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The Impact of an Experiential Learning Environment on Secondary Students

Janice Hendry and Beth Warkentin

When Janice Hendry accepted her first teaching position, she found that traditional teaching methods were common practice in most high schools. These methods contrasted with her own belief in a student-centred curriculum and the value of experiential learning. Traditional lecture methods seemed to lead to the kind of school climate described by Hopkins (1994), one that would

deny students empowerment and the coping skills necessary to realize themselves as autonomous agents in a democratic society, suppressing curiosity, autonomy, social criticism, and intellectual enterprise. (p.7)

Experiential learning, on the other hand, offered "meaningfulness, connection, interest, and purpose in the place of memorization, abstraction, remoteness and isolation." (Hopkins, 1994)

Hendry's first years of teaching in a high school were a time of great anxiety for her, as she was torn between common teaching practice and her own beliefs. After her second year, she felt that it was necessary to study the impact of the experiential learning environment she was trying to provide in order to show that it really did meet the needs of her students.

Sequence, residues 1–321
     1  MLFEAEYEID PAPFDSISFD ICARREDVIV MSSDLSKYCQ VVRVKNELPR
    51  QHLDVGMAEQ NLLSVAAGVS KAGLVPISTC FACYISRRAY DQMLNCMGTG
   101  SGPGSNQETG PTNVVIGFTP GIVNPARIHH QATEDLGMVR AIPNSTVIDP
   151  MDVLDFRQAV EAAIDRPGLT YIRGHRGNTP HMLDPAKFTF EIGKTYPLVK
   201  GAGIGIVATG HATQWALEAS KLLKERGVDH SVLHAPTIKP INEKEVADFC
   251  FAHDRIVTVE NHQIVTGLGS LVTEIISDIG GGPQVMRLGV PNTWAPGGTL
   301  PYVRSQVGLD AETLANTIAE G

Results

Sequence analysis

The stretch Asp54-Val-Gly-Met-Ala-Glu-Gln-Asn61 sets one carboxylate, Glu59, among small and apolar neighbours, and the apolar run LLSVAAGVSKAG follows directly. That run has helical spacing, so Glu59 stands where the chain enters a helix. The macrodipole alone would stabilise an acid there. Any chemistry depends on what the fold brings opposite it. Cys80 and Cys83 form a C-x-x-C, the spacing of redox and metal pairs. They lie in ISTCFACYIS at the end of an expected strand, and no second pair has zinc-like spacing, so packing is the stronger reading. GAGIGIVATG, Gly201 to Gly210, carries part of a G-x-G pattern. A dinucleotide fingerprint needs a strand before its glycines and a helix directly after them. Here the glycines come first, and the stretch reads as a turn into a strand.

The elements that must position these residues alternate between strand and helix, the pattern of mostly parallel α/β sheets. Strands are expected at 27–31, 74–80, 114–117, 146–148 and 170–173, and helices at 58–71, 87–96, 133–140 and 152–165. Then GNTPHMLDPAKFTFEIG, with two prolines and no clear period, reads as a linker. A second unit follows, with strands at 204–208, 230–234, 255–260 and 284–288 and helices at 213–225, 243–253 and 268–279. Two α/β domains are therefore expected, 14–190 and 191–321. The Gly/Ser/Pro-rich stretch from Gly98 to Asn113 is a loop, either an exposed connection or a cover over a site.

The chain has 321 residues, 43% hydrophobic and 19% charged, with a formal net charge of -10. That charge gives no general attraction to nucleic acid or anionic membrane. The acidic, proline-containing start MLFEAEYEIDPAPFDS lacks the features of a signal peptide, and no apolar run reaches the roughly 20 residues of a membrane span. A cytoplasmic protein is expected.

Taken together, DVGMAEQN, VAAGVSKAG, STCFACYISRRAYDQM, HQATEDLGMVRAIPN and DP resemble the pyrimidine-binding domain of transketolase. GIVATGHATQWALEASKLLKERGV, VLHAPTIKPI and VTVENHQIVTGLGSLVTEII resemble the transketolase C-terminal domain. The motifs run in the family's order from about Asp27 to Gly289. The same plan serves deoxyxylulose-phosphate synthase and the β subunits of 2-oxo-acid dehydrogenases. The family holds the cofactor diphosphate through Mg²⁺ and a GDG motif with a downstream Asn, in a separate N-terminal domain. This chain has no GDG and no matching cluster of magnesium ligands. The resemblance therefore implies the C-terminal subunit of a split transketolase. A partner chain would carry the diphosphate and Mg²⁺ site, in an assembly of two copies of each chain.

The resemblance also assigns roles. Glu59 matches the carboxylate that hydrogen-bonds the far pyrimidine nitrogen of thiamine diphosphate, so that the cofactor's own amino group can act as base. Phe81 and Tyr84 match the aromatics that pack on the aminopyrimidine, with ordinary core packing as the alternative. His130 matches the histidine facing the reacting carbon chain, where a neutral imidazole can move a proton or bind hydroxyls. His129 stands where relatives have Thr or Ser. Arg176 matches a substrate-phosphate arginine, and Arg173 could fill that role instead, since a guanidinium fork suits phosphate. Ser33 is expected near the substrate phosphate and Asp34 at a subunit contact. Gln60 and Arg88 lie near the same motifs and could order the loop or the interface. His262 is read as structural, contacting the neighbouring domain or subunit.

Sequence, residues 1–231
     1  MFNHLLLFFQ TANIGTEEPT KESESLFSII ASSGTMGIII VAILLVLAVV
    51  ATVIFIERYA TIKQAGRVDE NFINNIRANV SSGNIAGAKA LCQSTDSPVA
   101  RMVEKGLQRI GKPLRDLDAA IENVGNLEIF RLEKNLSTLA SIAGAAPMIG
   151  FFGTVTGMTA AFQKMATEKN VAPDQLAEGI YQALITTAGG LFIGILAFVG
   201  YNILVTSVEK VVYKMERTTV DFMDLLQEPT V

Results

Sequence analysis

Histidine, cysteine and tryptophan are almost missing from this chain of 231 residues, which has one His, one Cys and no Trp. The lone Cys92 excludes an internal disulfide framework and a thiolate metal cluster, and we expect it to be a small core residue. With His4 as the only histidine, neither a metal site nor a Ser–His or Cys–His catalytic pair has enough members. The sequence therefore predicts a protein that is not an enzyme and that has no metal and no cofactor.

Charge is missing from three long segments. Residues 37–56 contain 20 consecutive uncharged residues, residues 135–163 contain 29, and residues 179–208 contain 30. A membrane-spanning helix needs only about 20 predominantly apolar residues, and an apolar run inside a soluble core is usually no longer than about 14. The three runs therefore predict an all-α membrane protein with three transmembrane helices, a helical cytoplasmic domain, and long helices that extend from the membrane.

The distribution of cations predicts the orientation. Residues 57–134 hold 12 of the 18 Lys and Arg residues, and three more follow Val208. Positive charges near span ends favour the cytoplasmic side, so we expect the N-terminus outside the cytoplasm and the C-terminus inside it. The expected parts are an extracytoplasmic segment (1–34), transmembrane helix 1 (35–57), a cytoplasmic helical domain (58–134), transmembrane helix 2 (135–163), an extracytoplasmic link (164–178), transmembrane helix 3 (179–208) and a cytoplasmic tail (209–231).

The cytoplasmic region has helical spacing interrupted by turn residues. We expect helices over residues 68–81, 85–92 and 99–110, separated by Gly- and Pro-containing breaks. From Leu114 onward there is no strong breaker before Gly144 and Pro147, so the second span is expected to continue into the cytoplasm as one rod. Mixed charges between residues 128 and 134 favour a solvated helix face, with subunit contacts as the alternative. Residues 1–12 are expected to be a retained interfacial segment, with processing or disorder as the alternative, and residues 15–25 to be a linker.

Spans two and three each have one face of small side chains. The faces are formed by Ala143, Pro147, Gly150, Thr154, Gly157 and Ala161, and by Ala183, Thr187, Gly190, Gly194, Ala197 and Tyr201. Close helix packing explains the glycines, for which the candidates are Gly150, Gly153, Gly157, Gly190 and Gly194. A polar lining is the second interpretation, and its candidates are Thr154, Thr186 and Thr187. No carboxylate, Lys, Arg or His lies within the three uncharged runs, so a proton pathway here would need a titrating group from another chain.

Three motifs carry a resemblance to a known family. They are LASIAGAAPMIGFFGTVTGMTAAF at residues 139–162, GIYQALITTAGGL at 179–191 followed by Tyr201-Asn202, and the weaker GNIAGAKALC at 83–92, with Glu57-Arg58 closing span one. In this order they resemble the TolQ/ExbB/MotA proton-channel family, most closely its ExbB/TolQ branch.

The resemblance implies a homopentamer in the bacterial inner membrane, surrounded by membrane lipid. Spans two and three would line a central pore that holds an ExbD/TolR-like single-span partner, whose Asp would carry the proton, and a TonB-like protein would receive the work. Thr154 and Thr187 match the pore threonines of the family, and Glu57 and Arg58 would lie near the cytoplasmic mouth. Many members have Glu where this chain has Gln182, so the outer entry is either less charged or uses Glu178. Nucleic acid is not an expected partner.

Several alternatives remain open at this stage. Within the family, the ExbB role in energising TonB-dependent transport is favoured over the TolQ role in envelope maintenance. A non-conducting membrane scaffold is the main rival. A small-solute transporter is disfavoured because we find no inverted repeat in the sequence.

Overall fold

She began a collaborative research project with Beth Warkentin, an experienced primary teacher and now a member of the Faculty of Education at the University of Regina. A strong advocate for experiential teaching and learning in all grades, Warkentin saw the project as an opportunity to assess the impact of an experiential learning environment in a high school setting.

The researchers related their ideas about teaching and learning in high schools to the instructional directions advocated by the province's new core curriculum. The "Vision for Saskatchewan Secondary Schools" (High School Advisory Committee, 1994, p. 4) recognizes that students learn best when they play an active part in their own learning and are connected through experience to what it is they will learn. Hendry and Warkentin decided to employ experiential learning, student-centred curriculum and active learning in a high school setting and then assess whether or not these strategies were effective, using the statements about experiential teaching and learning in the "Vision for Saskatchewan Secondary Schools" as criteria.